The River Thames
The River Thames is the longest river that flows entirely within England, and the second longest in the UK (after the River Severn). The source is in Gloucestershire, which is in south-west England. It flows in an easterly direction through Wiltshire, Oxfordshire, Berkshire, Buckinghamshire, Surrey and into London. The Thames is tidal a few miles upstream from London. Past London it becomes an estuary, and from there into the North Sea. Quite where the river ends and the estuary begins is a matter of debate. The Thames Path chooses to terminate at the Thames Barrier which is as good a place as any. Terminating on the meridian at Greenwich would perhaps have been more fitting but, for the sake of an extra 3 miles, you might as well carry on to the end. It is also possible to go further along the Thames Path extension as far as Erith near Dartford. But that is even more arbitrary than the Thames Barrier.
The history of the River Thames largely mirrors the development of Britain. The Romans successfully invaded England in 43AD during the reign of Claudius. Londinium, the largest Roman city in Britain, grew up around what is now the financial district, the City of London. Other major Roman towns along the Thames were (going upstream from London) Staines, Maidenhead and Dorchester. Just off the Thames were the towns of Silchester (9 miles south east of Reading) and Cirencester, close to the source of the Thames.
In early days, the river was not so much a help as a hindrance, creating boundaries between peoples. This helped shape the early kingdoms of Wessex and Mercia. Settlements grew up in places where the river could be crossed. Aside from London Bridge, which was built by the Romans, other crossings included Kingston, Staines, Wallingford, Abingdon, Oxford and Newbridge.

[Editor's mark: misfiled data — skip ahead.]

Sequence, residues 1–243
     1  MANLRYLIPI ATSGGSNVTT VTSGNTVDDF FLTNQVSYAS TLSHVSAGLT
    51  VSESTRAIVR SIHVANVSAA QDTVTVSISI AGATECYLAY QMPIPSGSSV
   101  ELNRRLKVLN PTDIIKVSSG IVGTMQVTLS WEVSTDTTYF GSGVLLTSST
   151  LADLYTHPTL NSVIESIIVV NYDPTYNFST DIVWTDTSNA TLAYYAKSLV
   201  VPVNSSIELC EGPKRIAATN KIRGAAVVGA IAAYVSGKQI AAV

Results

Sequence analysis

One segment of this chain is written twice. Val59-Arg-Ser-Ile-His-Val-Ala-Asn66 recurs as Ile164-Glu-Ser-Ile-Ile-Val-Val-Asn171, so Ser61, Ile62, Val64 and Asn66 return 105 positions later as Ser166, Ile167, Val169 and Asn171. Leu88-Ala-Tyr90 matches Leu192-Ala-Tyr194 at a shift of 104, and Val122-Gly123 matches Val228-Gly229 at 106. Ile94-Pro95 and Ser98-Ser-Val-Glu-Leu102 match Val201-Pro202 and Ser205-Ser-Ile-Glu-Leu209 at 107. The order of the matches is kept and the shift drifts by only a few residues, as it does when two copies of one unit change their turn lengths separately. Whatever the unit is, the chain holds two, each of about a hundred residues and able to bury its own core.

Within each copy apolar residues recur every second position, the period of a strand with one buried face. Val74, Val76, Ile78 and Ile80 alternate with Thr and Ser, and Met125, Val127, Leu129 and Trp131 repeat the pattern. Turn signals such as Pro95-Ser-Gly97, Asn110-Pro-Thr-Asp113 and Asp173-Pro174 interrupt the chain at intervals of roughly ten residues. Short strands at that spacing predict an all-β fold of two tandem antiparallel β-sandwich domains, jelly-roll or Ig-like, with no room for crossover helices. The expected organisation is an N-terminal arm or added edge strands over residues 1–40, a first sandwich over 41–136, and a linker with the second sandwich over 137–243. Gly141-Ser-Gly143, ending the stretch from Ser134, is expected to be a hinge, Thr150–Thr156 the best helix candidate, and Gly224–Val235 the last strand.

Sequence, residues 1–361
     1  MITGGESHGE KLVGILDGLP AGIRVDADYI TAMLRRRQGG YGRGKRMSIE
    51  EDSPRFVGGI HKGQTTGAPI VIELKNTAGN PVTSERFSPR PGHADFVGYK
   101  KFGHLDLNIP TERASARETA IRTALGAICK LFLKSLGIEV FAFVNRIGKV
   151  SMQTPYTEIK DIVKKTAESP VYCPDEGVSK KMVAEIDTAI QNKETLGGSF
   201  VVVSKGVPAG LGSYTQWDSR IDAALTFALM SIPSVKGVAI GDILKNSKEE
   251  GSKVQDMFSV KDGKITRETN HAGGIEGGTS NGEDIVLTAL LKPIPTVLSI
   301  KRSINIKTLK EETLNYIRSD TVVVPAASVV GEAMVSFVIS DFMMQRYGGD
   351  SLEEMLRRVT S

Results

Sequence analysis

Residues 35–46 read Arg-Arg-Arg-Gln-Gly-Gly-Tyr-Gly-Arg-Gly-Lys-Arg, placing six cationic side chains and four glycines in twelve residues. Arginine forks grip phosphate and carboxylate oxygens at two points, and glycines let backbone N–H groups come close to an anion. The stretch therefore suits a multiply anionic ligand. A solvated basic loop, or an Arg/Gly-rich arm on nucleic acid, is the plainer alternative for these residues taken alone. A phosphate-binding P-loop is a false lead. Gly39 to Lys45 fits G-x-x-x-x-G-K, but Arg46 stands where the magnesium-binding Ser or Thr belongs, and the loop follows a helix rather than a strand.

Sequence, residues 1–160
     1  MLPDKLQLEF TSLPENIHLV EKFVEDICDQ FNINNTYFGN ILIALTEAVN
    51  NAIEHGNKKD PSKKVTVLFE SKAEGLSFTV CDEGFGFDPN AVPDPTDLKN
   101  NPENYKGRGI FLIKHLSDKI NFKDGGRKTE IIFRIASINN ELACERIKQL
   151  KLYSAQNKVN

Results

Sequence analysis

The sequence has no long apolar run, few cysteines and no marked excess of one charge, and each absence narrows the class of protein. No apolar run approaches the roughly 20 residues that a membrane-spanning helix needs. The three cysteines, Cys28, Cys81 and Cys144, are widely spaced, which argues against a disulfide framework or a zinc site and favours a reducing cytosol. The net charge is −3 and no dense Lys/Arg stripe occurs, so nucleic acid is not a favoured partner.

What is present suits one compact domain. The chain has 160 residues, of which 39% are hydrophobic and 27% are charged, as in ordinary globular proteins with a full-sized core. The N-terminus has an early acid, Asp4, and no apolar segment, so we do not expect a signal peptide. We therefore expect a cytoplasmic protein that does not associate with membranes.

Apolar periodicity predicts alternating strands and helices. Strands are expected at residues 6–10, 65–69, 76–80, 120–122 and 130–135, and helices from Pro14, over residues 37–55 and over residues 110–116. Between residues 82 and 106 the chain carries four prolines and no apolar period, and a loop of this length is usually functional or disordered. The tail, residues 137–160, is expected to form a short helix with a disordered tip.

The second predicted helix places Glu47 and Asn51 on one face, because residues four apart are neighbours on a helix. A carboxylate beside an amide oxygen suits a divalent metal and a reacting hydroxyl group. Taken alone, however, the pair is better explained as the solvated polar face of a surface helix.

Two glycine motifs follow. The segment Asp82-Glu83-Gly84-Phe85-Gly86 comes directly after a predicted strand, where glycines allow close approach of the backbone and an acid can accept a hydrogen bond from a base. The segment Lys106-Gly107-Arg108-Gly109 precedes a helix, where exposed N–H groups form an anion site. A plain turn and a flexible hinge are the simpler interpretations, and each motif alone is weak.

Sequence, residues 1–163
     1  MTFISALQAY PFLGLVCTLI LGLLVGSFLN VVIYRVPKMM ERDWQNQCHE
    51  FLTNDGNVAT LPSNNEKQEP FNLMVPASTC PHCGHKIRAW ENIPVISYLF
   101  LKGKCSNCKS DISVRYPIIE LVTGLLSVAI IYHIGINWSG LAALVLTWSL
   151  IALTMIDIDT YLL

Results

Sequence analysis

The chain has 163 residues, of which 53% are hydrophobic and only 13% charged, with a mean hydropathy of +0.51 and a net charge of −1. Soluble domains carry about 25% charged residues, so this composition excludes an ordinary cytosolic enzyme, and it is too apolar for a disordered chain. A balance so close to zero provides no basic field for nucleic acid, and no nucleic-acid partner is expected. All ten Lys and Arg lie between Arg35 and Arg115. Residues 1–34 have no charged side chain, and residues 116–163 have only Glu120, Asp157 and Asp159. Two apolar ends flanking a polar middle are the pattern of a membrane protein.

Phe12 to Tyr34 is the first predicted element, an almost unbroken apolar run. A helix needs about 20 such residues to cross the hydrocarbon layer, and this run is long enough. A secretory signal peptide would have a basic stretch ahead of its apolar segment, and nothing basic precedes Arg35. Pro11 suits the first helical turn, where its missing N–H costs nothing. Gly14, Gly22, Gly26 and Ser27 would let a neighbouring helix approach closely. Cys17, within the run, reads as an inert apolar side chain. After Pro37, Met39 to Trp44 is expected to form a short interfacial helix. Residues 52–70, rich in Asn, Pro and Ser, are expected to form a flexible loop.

During the Middle Ages, weirs were built to divert water into mills, primarily to grind flour. This made the river difficult to navigate. Flash locks, boards that held the water back and could be temporarily removed and propel a boat downstream, began to be installed. This allowed for the transportation of stone, timber, wool, produce and livestock downstream from the countryside to feed a growing London. Flash locks were hazardous, losing water that the mill owners needed, and only worked in one direction. Boats had to be winched upstream.
They were replaced by the 45 locks we know today, the first being at Iffley and Sandford near Oxford in 1683. The construction of canals (the Kennet and Avon from Bath to Reading, the Oxford, and the Grand Union) in the 18th centuries reduced the significance of the Thames, particularly upstream of Reading. The arrival of the railways, particularly the Great Western Railway in 1838 from London Paddington to Bristol, effectively marked the end of the Thames as a commercial river way.
Londinium was also home to a port, built just downstream from London Bridge, goods being traded with the rest of the Roman Empire. In the late Middle Ages, woollen cloth was exported to the Low Countries (now Belgium and Netherlands), and in the Tudor and Stewart periods, trade further expanded including to Asia, Africa and the new worlds.
London became the busiest port in the world with docks spreading from London Bridge downstream to the Isle of Dogs, where a labyrinth of docks was built in the early 1800’s. The trade brought in immigrants from both within and outside Britain to work at the docks who populated the East End and became the “Eastenders”.
It was the development of the container ship which sounded the death knell to London’s docklands with the port moving out to the Thames Estuary at Tilbury. The Isle of Dogs was later regenerated into a new financial hub known as Canary Wharf
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